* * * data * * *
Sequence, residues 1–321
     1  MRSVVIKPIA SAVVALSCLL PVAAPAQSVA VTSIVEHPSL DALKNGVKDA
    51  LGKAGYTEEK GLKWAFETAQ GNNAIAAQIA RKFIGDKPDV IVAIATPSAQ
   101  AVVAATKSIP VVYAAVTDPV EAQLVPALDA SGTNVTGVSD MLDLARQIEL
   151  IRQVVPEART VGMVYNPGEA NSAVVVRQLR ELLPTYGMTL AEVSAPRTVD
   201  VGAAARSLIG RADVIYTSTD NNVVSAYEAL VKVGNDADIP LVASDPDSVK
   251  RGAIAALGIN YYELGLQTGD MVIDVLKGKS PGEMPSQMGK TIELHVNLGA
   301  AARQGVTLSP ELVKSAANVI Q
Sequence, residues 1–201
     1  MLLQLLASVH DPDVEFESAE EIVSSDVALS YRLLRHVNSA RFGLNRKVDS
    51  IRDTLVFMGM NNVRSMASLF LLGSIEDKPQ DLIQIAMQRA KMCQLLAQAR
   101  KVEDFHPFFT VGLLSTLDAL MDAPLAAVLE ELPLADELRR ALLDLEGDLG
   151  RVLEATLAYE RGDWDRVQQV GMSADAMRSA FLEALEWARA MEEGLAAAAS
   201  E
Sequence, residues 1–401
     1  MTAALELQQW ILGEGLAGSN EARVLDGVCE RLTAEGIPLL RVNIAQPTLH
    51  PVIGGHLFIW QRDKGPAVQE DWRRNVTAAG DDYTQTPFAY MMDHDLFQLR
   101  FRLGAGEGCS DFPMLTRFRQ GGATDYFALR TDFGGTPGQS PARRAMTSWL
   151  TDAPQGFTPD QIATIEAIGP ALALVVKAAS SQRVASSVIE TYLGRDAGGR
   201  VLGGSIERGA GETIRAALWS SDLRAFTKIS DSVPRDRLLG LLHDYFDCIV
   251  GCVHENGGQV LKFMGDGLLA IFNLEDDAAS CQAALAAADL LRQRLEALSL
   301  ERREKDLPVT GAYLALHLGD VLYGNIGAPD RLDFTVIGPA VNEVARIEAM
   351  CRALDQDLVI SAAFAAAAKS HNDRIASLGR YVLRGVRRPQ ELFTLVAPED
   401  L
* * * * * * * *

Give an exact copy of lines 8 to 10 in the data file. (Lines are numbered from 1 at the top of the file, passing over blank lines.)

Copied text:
   301  AARQGVTLSP ELVKSAANVI Q
Sequence, residues 1–201
     1  MLLQLLASVH DPDVEFESAE EIVSSDVALS YRLLRHVNSA RFGLNRKVDS